It is common for homes in Indiana to have a basement or crawl space. They are often used to hide “ugly” parts of the house like plumbing or HVAC units, and in the case of basements, are extra living/storage space and a place to shelter from storms. However, basements and crawl spaces are often a breeding ground for structural problems in your home. Because they are at ground level or underground, water can cause major damage. Unless you have a nice finished basement, most people don’t spend time in the basement or crawl space, meaning problems can turn serious before you even know about them. Here are some of the issues I see on a regular basis during my home inspections.
1. Hydrostatic Pressure on Basement Wall
When in a basement that has block walls, you may see a crack just below the ground level. The ground settles against the home and freezes. Just like in an ice, the ground expands and pushes on the basement wall. When the ground thaws out, it settles slightly. Over time the ground pushes on the wall so much that it cracks the basement wall in a horizontal line. Over time, the time can get so large that the wall will fall in on itself.
2. Improperly Cut Floor Joists
When a home is being built, there are several phases to completion. After subflooring and walls are erected, the sub-contractors will be called in to install HVAC, electrical, plumbing, etc. Some less professional companies will cut out or over notch support members that are in place for structural support. These cuts typically don’t cause an immediate problem. However, the problems arise after months or sometimes years of settling.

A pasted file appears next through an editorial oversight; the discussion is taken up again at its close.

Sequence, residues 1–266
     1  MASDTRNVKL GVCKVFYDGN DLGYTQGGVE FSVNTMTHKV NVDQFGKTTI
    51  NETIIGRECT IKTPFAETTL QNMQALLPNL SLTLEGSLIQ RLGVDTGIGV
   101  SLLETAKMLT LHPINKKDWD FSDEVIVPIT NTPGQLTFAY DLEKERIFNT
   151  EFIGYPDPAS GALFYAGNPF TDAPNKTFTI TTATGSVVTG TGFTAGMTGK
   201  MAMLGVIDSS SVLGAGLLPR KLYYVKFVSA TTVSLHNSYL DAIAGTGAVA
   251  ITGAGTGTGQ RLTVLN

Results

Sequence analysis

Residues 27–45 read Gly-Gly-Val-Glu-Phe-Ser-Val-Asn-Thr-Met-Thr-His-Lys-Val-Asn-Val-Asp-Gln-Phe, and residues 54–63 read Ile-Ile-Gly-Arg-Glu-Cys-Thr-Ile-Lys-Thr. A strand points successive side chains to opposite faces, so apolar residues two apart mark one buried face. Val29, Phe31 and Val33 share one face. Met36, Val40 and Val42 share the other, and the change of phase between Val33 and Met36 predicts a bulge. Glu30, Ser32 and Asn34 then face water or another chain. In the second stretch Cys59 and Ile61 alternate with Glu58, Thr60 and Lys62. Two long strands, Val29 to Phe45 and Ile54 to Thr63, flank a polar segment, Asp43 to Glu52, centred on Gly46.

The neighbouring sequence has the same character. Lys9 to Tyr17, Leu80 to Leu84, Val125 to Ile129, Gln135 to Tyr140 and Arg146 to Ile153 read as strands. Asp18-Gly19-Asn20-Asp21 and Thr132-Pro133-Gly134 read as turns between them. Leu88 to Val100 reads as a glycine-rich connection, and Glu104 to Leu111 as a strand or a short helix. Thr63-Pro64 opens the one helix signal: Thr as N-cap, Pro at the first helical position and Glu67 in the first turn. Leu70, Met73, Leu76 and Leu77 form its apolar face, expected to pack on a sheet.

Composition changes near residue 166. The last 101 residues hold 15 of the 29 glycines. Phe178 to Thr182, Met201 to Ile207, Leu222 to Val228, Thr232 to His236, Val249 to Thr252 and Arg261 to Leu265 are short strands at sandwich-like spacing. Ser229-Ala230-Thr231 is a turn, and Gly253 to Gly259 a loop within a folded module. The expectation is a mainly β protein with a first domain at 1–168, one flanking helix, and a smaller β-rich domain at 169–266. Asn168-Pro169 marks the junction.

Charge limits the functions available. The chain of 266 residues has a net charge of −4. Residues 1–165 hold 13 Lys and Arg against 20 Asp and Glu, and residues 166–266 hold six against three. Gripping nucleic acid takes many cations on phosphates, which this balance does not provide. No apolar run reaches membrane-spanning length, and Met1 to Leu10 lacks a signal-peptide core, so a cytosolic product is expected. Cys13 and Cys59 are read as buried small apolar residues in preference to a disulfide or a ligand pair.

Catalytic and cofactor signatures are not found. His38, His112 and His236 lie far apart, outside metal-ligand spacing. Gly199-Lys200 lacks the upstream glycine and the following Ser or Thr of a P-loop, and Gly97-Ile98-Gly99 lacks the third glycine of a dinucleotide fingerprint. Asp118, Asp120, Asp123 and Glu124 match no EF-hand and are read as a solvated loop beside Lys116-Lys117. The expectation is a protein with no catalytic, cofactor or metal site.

Crawl Space Areas
1. Rotten Subflooring from Above Leaks
Common leaks occur around windows, doors, toilets. If he moisture is not permitted to dry out, the wood will become soft and rotten.
2. Missing or Deteriorated Vapor Barrier on Crawl Space Floor
The vapor barrier is an important element to having a weather-tight foundation. The idea is that any water shedding from the block wall or coming up from the ground will stay under the plastic. If water gets above the vapor barrier or a floor without a barrier, the moisture can condensate on the subflooring and ductwork above. This will cause subflooring to rot and mold. Even a crawl space that is poured concrete should ideally have a vapor barrier. Concrete is porous and can allow moisture through.
Before buying or selling a house, it is important to have these “hidden” areas of the home inspected for potential problems. It can be difficult and costly to make repairs to a basement or crawl space, so it’s ideal to catch any issues early. Regularly inspect your basement or crawl space, or have a professional inspect it, to avoid expensive repairs.